NHLBI SBIR/STTR Contract Topic
070 Bioabsorbable Stents for Pediatric
Pulmonary Artery Stenosis and Aortic
(Fast-track proposals will be accepted)
Number of anticipated awards: 1
Mechanical stents to relieve obstructive
cardiovascular lesions could have great utility in
pediatric cardiology, but are unsuitable for small
children. Commercially available stents limit vessel
growth and require future surgical removal.
Absorbable stents might revolutionize the treatment
of congenital heart disease in children. Small
children require small delivery systems for devices
that are larger than adult coronary arteries.
Specific target diseases include aortic coarctation
and pulmonic stenosis, which currently require open
surgical repair or multiple X-ray-guided catheter
procedures in early childhood.
These are transcatheter stents to be delivered
using conventional interventional cardiovascular
techniques including guiding catheters or sheaths,
translesional guidewires, and balloon-expandable or
self-expanding delivery systems. Conventional and
novel approaches are welcomed.
Specific requirements of the stents include small
delivery systems (5-6 French or smaller); sufficient
radial force to resist elastic recoil for the two
applications; sustained radial strength suited to
the application for at least 3-6 months; controlled
degradation within 6-9 months; inflammatory response
that does not cause significant stenosis, restenosis,
or aneurysm; resistance to downstream embolization
or toxicity; and nominal calibers suitable for the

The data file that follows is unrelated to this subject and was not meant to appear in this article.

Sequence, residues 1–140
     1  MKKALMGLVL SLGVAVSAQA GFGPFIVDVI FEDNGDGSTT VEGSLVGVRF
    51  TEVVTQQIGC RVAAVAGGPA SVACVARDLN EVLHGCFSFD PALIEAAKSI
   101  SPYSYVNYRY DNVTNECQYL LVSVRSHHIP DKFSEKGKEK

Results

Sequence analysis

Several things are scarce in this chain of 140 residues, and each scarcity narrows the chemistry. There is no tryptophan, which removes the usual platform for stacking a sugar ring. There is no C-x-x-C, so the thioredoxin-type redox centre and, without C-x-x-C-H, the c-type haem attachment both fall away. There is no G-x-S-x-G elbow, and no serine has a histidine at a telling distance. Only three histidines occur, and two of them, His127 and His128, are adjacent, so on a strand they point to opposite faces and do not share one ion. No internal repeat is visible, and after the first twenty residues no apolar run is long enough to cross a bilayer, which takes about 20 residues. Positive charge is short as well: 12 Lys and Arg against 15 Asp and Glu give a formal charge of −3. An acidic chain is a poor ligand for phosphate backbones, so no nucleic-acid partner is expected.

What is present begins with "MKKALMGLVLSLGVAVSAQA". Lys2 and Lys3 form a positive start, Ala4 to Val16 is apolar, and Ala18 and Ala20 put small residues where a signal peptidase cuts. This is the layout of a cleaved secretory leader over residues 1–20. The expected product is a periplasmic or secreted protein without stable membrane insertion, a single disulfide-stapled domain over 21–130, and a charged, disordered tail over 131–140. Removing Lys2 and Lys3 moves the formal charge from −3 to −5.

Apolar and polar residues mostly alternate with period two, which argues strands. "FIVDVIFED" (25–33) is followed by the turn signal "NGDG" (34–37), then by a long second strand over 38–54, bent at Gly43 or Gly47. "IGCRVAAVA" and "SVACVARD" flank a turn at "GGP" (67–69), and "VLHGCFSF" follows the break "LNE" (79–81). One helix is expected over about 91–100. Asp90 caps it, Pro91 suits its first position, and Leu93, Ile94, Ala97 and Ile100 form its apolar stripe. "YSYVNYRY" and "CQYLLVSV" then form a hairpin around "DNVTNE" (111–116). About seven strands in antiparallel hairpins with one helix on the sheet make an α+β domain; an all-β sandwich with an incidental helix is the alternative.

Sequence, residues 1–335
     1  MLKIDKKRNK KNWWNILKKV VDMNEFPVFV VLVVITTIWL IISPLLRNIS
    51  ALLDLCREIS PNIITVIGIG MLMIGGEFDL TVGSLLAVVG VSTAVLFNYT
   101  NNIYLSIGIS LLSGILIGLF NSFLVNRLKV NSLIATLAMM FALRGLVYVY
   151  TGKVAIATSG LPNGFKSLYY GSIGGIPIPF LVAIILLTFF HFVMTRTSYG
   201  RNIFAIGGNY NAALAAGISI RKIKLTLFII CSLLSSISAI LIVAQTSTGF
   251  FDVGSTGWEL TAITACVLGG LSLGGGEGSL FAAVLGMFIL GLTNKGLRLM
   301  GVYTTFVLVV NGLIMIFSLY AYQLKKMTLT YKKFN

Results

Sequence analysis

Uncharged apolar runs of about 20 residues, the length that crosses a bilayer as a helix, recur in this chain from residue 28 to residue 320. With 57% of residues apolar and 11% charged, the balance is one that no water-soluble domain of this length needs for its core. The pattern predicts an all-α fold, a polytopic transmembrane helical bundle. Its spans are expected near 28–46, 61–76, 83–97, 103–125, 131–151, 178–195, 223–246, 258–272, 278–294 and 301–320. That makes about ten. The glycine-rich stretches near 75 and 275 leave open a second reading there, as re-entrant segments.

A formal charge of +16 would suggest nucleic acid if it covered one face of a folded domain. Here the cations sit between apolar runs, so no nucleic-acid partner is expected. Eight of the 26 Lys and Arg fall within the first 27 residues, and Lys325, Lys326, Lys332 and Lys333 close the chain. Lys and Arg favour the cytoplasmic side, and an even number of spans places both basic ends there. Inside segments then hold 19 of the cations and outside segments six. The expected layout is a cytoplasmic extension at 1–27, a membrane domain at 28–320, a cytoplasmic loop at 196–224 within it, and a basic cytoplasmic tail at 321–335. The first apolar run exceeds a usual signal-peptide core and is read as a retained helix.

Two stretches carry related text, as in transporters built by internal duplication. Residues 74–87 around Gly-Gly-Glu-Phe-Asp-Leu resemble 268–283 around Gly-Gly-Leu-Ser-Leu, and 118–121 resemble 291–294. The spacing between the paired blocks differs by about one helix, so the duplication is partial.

most common lesions (pulmonary artery stenosis and
aortic coarctation, see below) .
Proposed stent nominal geometry should be
diameter (6-8mm), length (range 10-25mm), delivery
system (5-6 French or smaller). The radial hoop
strength of the deployed device should approach that
of commercial balloon- expandable stent such as the
Cordis Palmaz Genesis. Percutaneous vascular access
routes for the pulmonary artery application include
femoral and jugular venous. Percutaneous vascular
access routes for aortic coarctation application
include transvenous-transeptal antegrade and
retrograde transfemoral artery. The implant or the
delivery system should be conspicuous under the
intended image-guidance modality.
At the conclusion of Phase I, a candidate device
design should be selected for clinical development
based on in vivo performance of a mature prototype
resembling a final design.
At the conclusion of Phase II, the offeror should
obtain an investigational device exemption (IDE),
and a supply of devices provided, for a
first-in-human research protocol, involving at least
10 subjects, to be performed by the sponsoring NHLBI
laboratory. The sponsoring NHLBI laboratory is
willing to perform in vivo proof-of-principal
experiments in swine, is willing to collaborate
toward design of the clinical protocol, and is
willing to provide clinical research services. The
vendor is expected to perform or obtain
safety-related in vivo experiments and data to
support the IDE.
For more information, see the
FY2012 Contract Solicitation
or contact OTAC.
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Last Updated December 2011